[26] https://techhelplist.com/spam-list/1007-reference-number-notice-of-unpaid-invoice-malware
[27] https://techhelplist.com/spam-list/1009-unpaid-invoice-from-staples-inc-ref-urgent-notice-malware
[28] https://techhelplist.com/spam-list/1014-required-your-attention-special-prices-malware

(c) SANS Internet Storm Center. https://isc.sans.edu Creative Commons Attribution-Noncommercial 3.0 United States License.

An operating system used to manage firewalls sold by Juniper Networks contains unauthorized code that surreptitiously decrypts traffic sent through virtual private networks, officials from the company warned Thursday.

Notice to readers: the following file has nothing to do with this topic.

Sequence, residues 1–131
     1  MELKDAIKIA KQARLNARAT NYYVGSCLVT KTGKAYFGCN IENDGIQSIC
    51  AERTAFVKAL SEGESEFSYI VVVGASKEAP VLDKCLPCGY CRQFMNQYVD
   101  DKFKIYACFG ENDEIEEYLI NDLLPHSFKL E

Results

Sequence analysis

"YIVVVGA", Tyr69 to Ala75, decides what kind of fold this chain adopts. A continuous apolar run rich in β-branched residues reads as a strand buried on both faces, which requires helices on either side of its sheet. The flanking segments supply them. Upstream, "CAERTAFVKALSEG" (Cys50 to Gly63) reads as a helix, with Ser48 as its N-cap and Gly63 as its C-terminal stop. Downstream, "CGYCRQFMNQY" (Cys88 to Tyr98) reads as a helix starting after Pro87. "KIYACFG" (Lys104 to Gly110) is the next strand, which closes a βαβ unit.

It's not clear how the code got there or how long it has been there. An advisory published by the company said that NetScreen firewalls using ScreenOS 6.2.0r15 through 6.2.0r18 and 6.3.0r12 through 6.3.0r20 are affected and require immediate patching. Release notes published by Juniper suggest the earliest vulnerable versions date back to at least 2012 and possibly earlier. There's no evidence right now that the backdoor was put in other Juniper OSes or devices.

"During a recent internal code review, Juniper discovered unauthorized code in ScreenOS that could allow a knowledgeable attacker to gain administrative access to NetScreen devices and to decrypt VPN connections," Juniper Chief Information officer Bob Worrall wrote. "Once we identified these vulnerabilities, we launched an investigation into the matter, and worked to develop and issue patched releases for the latest versions of ScreenOS."

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Oh, look, Flash can open right in Outlook. This is bad. (credit: Haifei Li)